It has been said that a year is a long time in politics, and how much more so is a decade in indie music. Feeder released their first mini-album, Swim, back in 1996, with plenty of guitars, drums and indie-rock attitude. Their sound was likened by many to Smashing Pumpkins.
Opener Feeling A Moment promises much as its first few bars swoop with guitars and drums, before dropping the pace and the volume right down for the start of the vocals. The guitar presence is felt again in the choruses, but overall the effect is one of restraint. Initially the song is reminiscent of Snow Patrol, with good voice and good melody, but the sense of holding back ultimately leaves the listener unsatisfied.
The use of dynamics appears to be a theme throughout the album, but particularly on new single Tumble And Fall, the title (and best) track on the album Pushing The Senses, and Pilgrim Soul. However, what could in small doses be considered expressive ends up feeling formulaic and even mechanical.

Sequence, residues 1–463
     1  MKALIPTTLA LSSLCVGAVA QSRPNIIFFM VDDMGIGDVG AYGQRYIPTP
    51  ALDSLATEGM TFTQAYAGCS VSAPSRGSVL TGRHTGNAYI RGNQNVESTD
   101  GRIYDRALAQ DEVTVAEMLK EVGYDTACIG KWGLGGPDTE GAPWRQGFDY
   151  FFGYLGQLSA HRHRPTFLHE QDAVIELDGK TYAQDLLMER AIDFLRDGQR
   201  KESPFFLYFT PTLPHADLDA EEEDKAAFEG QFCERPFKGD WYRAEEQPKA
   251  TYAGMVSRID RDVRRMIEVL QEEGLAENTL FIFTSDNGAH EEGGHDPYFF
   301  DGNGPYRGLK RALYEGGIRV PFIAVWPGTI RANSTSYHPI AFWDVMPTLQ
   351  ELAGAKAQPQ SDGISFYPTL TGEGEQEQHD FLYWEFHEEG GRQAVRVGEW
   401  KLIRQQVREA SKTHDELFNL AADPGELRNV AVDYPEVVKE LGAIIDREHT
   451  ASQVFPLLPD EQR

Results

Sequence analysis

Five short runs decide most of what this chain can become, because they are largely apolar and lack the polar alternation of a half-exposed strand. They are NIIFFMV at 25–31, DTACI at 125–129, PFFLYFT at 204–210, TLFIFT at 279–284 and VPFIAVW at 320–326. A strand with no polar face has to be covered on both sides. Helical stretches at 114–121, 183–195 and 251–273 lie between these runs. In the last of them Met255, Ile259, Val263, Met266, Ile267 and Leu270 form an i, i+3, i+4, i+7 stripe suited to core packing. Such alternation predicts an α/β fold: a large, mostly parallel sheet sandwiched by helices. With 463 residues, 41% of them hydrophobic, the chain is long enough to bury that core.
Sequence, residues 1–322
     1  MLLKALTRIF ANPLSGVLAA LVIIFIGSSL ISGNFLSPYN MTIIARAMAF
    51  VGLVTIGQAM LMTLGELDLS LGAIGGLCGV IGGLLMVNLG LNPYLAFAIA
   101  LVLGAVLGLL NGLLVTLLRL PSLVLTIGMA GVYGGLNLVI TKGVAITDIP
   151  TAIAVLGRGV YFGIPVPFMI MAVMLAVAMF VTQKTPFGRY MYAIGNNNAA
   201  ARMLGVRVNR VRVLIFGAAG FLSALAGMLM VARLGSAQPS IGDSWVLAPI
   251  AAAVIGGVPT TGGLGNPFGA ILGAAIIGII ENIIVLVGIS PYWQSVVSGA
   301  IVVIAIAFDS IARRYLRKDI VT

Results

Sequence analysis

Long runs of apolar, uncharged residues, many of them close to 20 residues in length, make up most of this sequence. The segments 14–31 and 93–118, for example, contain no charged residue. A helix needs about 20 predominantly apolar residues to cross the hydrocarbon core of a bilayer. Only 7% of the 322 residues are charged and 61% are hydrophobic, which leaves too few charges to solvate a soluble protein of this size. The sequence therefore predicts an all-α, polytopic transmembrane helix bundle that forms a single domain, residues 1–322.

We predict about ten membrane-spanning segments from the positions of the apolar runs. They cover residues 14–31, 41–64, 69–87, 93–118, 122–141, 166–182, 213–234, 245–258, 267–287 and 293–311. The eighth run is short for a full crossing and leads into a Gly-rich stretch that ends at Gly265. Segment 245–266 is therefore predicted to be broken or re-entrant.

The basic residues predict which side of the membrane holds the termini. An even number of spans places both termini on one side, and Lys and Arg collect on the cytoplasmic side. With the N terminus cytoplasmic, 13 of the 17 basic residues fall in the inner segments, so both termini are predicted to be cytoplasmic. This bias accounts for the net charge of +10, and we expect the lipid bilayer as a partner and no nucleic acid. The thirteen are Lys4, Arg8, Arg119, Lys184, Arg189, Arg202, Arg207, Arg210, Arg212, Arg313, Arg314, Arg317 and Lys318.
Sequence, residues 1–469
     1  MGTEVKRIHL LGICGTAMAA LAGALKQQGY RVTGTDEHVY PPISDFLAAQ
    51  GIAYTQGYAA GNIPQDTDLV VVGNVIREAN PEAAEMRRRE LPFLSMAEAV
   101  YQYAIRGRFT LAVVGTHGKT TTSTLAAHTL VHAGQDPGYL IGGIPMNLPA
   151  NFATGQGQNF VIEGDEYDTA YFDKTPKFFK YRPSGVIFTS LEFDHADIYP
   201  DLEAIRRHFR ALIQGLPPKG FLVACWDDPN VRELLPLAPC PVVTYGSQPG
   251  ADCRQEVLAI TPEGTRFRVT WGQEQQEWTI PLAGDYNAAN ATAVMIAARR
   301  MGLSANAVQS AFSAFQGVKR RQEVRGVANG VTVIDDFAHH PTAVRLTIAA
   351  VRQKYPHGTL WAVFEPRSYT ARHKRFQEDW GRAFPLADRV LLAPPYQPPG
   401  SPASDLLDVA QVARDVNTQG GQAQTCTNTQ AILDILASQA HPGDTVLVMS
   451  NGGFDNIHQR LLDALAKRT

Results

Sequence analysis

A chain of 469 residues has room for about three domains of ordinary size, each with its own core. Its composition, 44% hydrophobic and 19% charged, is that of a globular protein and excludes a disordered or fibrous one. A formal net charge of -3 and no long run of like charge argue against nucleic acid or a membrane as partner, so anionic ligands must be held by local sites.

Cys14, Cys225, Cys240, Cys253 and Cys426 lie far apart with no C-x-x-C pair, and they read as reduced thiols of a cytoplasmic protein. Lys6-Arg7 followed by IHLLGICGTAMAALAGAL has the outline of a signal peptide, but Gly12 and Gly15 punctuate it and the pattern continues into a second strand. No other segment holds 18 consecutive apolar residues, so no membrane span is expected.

Whilst the best tracks on the album are the rockier Pushing The Senses and Pilgrim Soul, a very close third is the haunting Dove Grey Sands, which has swirling, finger-picking guitar and a rich sonorous voice bringing a laid-back, feel-good vibe and a sense of space like the oceans and sands being sung about.
Feeder is primarily a one-man show, with Grant Nicholas as singer, songwriter, guitarist and erstwhile tinkler of ivories. Mark Richardson’s drums appear incidental in many tracks (Pushing The Senses being the notable exception), while Taka Hirose’s bass is wallpaper except in the rather dull Bitter Glass and the livelier Morning Life.
Nicholas has an undoubted knack for melody, and many of the choruses have you humming along by the second listen. Lyrically too, Nicholas has a poetic way of expressing himself, and phrases linger and resonate like: “Reaching inside of me / Bringing the love I need / The loneliness has gone” (Tender).
In summary, to many people this album will represent a worthy addition to their collections of indie-lite. However, for this listener, the what-might-have-beens found in fleeting glimpses mean it ultimately has to be viewed as a disappointment.